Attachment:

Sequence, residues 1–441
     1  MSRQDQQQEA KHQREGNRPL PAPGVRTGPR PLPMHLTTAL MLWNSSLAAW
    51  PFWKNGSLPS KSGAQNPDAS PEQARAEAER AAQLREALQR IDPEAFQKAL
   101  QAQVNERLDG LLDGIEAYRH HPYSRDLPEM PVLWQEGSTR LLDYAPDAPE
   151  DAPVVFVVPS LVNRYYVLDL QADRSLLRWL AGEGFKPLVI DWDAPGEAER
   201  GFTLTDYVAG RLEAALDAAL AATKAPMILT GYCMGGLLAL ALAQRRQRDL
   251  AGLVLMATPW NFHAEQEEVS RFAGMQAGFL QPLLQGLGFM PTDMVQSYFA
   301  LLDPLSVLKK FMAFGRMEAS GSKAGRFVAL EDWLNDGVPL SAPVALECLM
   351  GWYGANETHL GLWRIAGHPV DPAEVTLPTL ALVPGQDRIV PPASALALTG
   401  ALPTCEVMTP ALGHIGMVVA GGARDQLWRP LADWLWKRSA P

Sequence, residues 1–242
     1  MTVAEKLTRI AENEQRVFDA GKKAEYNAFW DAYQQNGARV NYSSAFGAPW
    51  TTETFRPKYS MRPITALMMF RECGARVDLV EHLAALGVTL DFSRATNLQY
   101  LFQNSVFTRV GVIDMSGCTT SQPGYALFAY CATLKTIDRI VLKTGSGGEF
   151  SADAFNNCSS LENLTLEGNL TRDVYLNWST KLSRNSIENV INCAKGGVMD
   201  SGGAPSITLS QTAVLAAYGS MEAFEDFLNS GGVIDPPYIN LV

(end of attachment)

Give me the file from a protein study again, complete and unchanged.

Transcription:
Sequence, residues 1–441
     1  MSRQDQQQEA KHQREGNRPL PAPGVRTGPR PLPMHLTTAL MLWNSSLAAW
    51  PFWKNGSLPS KSGAQNPDAS PEQARAEAER AAQLREALQR IDPEAFQKAL
   101  QAQVNERLDG LLDGIEAYRH HPYSRDLPEM PVLWQEGSTR LLDYAPDAPE
   151  DAPVVFVVPS LVNRYYVLDL QADRSLLRWL AGEGFKPLVI DWDAPGEAER
   201  GFTLTDYVAG RLEAALDAAL AATKAPMILT GYCMGGLLAL ALAQRRQRDL
   251  AGLVLMATPW NFHAEQEEVS RFAGMQAGFL QPLLQGLGFM PTDMVQSYFA
   301  LLDPLSVLKK FMAFGRMEAS GSKAGRFVAL EDWLNDGVPL SAPVALECLM
   351  GWYGANETHL GLWRIAGHPV DPAEVTLPTL ALVPGQDRIV PPASALALTG
   401  ALPTCEVMTP ALGHIGMVVA GGARDQLWRP LADWLWKRSA P

Sequence, residues 1–242
     1  MTVAEKLTRI AENEQRVFDA GKKAEYNAFW DAYQQNGARV NYSSAFGAPW
    51  TTETFRPKYS MRPITALMMF RECGARVDLV EHLAALGVTL DFSRATNLQY
   101  LFQNSVFTRV GVIDMSGCTT SQPGYALFAY CATLKTIDRI VLKTGSGGEF
   151  SADAFNNCSS LENLTLEGNL TRDVYLNWST KLSRNSIENV INCAKGGVMD
   201  SGGAPSITLS QTAVLAAYGS MEAFEDFLNS GGVIDPPYIN LV